FIGS. 3A to 3D show some exemplary embodiments regarding the lateral shape of the second fiber coupling element 5 or elements across the main surface 100 of the optoelectronic and/or photonic chip 10. FIGS. 3A to 3D particularly show a top view on the chip main surface 100 on which an active area surface 11 of an active element 50 (photo diode, VCSEL, laser diode, photo detector, etc.) is provided. According to FIG. 3A, the active element 5 is surrounded by one circular, that is ring-shaped or annular second fiber coupling element 5. The first fiber coupling element 4 of FIG. 1 or 2 is not shown in FIGS. 3A to 3D since it is not arranged on the chip 10 or on its main surface 100. Instead, the first fiber coupling element is located further away from the chip 10, for instance somewhere on the mounting surface 2 a of the support substrate 2 or of a further substrate or pedestal, so as to support and, optionally, roughly pre-align a portion of an elongate fiber section disposed at a small, but non-zero distance from the fiber end-piece.

Although in FIGS. 3A to 3D the chip 10 may comprise more than only one active element 50, for instance a plurality of four or another number of photo diodes or VCSELs of the same kind, one optoelectronic and/or photonic active element 50 is provided on each chip 10. In FIGS. 3A to 3D and in the further figures, chips with only one respective active element 50 are shown for simplicity of illustration.

The chip 10 shown in top view in FIG. 3A may be mounted to the support substrate 2 (such as a printed circuit board, for instance), with its rear surface or, alternatively, with one of its side surfaces shown as edges in FIG. 3A. Whereas along the two lateral directions x, y parallel to the main surface 100, the second fiber coupling element 5 completely surrounds the active element 50 from all lateral directions. Along the normal direction extending vertically relative to the main surface 100 of the chip 10, the second fiber coupling element 5 extends above the main surface 100. Whereas the active area 11 or its outermost layer may form a shallow elevation or depression of merely 1 or 2 μm at maximum above or below the surrounding main surface, the second fiber coupling element 5 extends significantly above the main surface 100 so as to form an elevated structure 15 reaching from the main surface 100 to a height h above the main surface 100 (see FIG. 4A). The height, that is the vertical extension of the second fiber coupling element 5 in the direction perpendicular to the chip main surface 100, is chosen according to the respective shape of the fiber end-piece 31; particularly it is chosen such that, upon mechanical contact and/or engagement of the fiber end-piece 31 with the second fiber coupling element 5, the fiber end-piece 31 is moved towards a centered position near the optoelectronic active element 50 so as to maximize coupling efficiency.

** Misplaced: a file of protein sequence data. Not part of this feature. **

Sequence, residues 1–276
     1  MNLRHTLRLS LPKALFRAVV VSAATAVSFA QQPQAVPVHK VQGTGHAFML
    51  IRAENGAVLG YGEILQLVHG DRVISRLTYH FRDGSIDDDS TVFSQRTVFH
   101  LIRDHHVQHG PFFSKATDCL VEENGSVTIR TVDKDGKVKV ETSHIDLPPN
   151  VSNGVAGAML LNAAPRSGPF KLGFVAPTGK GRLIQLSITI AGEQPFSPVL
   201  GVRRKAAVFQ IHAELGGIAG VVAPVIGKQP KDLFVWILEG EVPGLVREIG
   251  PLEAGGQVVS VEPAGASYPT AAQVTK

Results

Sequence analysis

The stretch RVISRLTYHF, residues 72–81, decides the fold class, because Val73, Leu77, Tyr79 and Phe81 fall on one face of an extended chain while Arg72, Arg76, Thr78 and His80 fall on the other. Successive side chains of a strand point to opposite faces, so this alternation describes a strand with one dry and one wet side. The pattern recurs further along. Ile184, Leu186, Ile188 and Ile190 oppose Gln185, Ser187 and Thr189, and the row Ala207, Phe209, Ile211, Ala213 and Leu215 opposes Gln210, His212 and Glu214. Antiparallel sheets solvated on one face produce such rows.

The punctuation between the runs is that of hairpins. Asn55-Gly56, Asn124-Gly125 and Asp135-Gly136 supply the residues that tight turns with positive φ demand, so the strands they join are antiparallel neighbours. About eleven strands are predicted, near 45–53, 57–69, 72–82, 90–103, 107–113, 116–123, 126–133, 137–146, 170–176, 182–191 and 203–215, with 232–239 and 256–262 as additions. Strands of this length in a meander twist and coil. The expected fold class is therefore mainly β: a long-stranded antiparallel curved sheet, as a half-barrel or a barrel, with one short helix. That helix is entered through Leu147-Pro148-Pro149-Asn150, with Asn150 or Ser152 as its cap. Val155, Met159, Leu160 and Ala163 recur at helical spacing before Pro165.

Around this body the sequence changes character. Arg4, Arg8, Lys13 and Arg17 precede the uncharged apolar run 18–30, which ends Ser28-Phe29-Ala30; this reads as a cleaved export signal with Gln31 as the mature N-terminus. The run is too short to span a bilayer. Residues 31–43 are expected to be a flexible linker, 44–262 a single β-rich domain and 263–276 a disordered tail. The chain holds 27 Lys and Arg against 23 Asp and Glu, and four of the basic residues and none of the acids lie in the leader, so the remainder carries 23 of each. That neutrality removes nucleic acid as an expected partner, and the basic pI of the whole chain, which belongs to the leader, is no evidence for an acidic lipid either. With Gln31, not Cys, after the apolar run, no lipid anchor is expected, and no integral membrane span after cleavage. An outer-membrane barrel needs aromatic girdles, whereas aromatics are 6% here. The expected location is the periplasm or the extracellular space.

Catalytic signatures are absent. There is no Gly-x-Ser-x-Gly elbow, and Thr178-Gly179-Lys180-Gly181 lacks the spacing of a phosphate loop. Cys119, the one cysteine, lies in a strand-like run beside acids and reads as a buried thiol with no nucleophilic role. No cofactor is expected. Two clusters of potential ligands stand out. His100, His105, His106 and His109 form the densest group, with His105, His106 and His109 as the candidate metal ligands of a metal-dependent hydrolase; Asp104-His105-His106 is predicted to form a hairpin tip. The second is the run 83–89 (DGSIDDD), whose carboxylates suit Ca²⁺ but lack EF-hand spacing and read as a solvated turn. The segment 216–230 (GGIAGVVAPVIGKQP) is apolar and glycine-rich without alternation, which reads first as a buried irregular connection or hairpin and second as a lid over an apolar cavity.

The second fiber coupling element of FIG. 3A thus is a protrusion 27, such as a stud 25 or ridge, and thus forms a ring around the active element 50. The fiber coupling element 5 surrounds a through-hole 20 through which the fiber end-piece may access or approach, at least to a predefined distance d′ (see FIG. 5A) from the main surface 100 being smaller than the height h of the second fiber coupling element 5, the exposed active element 50.

FIGS. 3B to 3D show some alternative, exemplary embodiments regarding the design, number and position of the at least one second fiber coupling element 5. According to FIG. 3B, the second fiber coupling element 5 is a plurality of second fiber coupling element 5, 5′, 5″, comprising three elevated structures 15, such as studs 25 or columns 26, which are symmetrically arranged around the active area surface 11 of the active element 50. Since the triple of elevated structures 15 likewise extends to a certain height h above the main surface 100, again the fiber end-piece 31 is automatically directed between them towards the lateral position of the active area surface 11, at least if the initial lateral offset between the second fiber coupling arrangement and the approaching fiber end-piece 31 along the lateral directions x, y is not too large.